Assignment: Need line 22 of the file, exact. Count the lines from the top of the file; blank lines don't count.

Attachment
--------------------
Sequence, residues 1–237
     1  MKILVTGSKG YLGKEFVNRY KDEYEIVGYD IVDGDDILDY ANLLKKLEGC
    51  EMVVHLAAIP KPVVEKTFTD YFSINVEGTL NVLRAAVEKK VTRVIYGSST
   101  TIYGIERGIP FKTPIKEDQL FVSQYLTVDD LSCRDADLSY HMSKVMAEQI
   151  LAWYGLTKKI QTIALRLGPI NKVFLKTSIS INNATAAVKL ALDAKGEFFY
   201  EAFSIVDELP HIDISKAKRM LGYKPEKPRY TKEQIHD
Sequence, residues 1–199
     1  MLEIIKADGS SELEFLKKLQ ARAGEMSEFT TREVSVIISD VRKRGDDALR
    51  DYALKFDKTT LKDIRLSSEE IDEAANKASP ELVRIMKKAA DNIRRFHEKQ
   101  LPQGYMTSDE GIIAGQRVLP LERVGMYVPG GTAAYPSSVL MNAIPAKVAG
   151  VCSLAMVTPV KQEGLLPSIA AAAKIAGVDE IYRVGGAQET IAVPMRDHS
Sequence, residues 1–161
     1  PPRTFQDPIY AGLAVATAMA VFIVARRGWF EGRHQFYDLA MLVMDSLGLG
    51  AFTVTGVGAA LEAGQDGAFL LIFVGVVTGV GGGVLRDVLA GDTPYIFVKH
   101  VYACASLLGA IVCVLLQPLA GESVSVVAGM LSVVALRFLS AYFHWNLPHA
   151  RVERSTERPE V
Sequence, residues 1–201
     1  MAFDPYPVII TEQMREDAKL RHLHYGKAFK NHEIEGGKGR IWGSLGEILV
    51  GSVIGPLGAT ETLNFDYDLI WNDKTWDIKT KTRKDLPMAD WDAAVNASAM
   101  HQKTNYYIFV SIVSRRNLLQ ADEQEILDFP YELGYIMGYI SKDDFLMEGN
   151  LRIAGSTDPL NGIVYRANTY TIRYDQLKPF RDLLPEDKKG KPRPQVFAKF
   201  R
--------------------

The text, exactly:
   201  R